Pietà della Nostra Terra

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The way this Pietà is staged, in front of a monumental stairway, gives the scene an ageless quality. Since ancient times the architecture of a staircase is more than only a bridge between a lower and an upper space. Climbing the stairs is often a spiritual or existential symbol, for reaching more knowledge or elevation by getting closer to the supernatural world. An ascent or descent also means a journey, some kind of progress.

But this flight of stairs stands for hierarchy, political violence, war and systematic injustice. How powers assault and sacrifice humans for their purposes. No progress here, the system continues to stay largely unattainable and unchangeable.

In front of the stone steps, on a stack of roadblocks, a mother holds her badly injured child. This innocent little boy, hovering between life and death, is a victim of all the raging wars for power, land, resources. He has just been rescued from the ruins of a bombardment, while fires still burn in the background. He misses a shoe and he is wounded. Somebody wrapped him in plastic. That looks terribly painful. The mother has reached the point of desperation where she cannot move, only weep silently without tears. She does not cradle her child, perhaps to not hurt him any further. Rather, she presents him to the world as a complaint against that world wreaking havoc.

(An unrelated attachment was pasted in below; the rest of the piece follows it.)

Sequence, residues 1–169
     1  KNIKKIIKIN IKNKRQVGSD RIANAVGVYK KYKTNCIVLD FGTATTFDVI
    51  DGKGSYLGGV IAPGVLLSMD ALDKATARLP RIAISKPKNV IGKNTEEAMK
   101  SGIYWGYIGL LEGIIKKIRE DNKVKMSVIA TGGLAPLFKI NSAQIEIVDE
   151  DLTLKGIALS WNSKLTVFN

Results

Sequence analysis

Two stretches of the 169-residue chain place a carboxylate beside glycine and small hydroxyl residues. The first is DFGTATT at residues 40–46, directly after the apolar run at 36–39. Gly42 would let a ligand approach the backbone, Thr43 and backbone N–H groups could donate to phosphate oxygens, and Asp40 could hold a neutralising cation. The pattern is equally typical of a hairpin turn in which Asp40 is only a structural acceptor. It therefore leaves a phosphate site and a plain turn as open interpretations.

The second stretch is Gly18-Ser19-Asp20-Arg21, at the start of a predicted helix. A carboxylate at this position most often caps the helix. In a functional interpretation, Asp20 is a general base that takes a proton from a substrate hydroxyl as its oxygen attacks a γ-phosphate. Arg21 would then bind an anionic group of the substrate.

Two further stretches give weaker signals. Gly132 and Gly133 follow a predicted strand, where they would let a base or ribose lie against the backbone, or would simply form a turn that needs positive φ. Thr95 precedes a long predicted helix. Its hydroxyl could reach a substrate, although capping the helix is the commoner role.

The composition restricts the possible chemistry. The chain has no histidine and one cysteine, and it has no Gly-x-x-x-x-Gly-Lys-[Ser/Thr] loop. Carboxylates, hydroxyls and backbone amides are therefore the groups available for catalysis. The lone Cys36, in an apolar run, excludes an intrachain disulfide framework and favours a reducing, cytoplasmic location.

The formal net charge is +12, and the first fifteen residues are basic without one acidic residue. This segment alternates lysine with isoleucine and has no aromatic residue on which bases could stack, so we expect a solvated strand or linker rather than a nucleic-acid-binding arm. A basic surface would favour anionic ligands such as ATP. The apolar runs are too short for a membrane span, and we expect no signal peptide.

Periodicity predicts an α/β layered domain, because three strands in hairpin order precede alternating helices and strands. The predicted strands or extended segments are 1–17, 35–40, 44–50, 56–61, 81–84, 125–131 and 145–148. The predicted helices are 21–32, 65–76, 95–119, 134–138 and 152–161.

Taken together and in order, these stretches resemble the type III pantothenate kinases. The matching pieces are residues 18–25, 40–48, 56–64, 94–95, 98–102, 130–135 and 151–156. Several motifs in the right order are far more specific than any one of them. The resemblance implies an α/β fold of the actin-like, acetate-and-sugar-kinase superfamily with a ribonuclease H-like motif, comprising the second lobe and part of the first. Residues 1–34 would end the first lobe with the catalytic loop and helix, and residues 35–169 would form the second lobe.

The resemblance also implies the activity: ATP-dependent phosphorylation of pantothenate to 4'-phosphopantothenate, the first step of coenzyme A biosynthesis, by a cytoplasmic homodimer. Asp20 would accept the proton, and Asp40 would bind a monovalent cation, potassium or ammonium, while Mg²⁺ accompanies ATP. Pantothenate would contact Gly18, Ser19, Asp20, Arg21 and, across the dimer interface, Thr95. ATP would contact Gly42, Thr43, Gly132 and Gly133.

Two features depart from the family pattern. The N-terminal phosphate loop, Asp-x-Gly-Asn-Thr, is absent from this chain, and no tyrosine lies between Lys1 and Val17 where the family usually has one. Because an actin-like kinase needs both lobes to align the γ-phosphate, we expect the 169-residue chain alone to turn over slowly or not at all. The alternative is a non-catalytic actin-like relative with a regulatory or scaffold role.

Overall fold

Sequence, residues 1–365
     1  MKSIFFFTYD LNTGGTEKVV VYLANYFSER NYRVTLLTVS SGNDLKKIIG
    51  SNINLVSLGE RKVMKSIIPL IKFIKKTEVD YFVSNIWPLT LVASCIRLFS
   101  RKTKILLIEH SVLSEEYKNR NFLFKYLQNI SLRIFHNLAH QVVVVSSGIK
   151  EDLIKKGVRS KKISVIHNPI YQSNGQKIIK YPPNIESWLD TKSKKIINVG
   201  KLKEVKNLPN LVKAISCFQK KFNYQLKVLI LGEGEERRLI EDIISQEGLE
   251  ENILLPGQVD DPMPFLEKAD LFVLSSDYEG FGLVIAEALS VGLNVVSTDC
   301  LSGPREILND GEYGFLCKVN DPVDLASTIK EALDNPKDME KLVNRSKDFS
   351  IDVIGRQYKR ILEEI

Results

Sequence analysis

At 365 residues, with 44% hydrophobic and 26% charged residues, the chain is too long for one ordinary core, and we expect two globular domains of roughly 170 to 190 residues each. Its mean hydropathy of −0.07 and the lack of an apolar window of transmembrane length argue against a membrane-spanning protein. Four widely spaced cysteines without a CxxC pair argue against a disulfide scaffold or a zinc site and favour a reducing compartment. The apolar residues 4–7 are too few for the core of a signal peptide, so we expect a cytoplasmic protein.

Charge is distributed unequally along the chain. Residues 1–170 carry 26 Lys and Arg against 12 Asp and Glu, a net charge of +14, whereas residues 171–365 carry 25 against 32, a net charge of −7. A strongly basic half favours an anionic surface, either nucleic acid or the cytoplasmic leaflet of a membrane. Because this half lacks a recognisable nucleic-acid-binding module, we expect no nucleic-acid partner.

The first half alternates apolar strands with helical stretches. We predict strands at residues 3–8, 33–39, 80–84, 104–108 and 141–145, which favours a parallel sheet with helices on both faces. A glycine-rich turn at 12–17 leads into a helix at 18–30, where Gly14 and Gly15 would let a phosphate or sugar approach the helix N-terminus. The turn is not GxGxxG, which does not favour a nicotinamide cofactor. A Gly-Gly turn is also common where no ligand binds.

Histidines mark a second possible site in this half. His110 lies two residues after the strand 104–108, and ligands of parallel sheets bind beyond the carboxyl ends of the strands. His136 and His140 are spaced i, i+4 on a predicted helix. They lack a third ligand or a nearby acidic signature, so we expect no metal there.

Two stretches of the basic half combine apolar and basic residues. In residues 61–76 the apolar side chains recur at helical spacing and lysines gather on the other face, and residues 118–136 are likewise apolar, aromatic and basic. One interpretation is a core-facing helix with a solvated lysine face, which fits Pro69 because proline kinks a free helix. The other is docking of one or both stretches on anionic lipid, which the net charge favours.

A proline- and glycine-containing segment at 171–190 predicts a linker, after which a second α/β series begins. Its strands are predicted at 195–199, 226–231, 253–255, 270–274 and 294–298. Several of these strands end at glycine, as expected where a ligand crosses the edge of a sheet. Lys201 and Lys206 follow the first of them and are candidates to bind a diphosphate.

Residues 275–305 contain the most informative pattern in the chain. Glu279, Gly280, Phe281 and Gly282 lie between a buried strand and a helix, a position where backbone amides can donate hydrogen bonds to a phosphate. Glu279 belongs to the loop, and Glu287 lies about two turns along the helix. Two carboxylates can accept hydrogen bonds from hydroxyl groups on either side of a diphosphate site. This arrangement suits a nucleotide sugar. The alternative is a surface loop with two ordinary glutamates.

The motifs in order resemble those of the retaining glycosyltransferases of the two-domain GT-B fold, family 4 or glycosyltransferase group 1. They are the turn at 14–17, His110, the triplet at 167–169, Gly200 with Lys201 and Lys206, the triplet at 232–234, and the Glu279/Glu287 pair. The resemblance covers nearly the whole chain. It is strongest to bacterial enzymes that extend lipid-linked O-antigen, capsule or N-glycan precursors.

She is all the mothers who mourn or suffer for a child. She is the modern-day epitome of Michelangelo’s Pietà. Her rich robes are inconsistent with her surroundings, but exactly that is what lifts her from the war zone and makes her the timeless mother. The elaborately embroidered silk shawl around her face is of golden green, the color of rebirth, life, nurture and growth. The contradictions are clear. This is an image of love, of loss, powerlessness and pain, but also of reaching out for consolation and help. Desperate for hope. She asks the viewer to share her distress, to relate to the son. The reference to the Pietà also carries the possibility of a resurrection as it is related to the story of Jesus Christ. Yet, death is far too often the reality of wars. You do hope he will survive.

One finger of her left hand holds his little thumb in a hopeless gesture of support. Her empty palm is open in a forlorn complaint to the heavens. Her whole posture presents the question: why?


Hansa Versteeg Pietà della Nostra Terra, 2019, oil on canvas 125 x 125 cm


This art contemplation by Anikó is published in the book ‘Compassionism’. The book, as well as high quality reproductions and some originals are available via the website of the artist: www.hansaversteeg.com.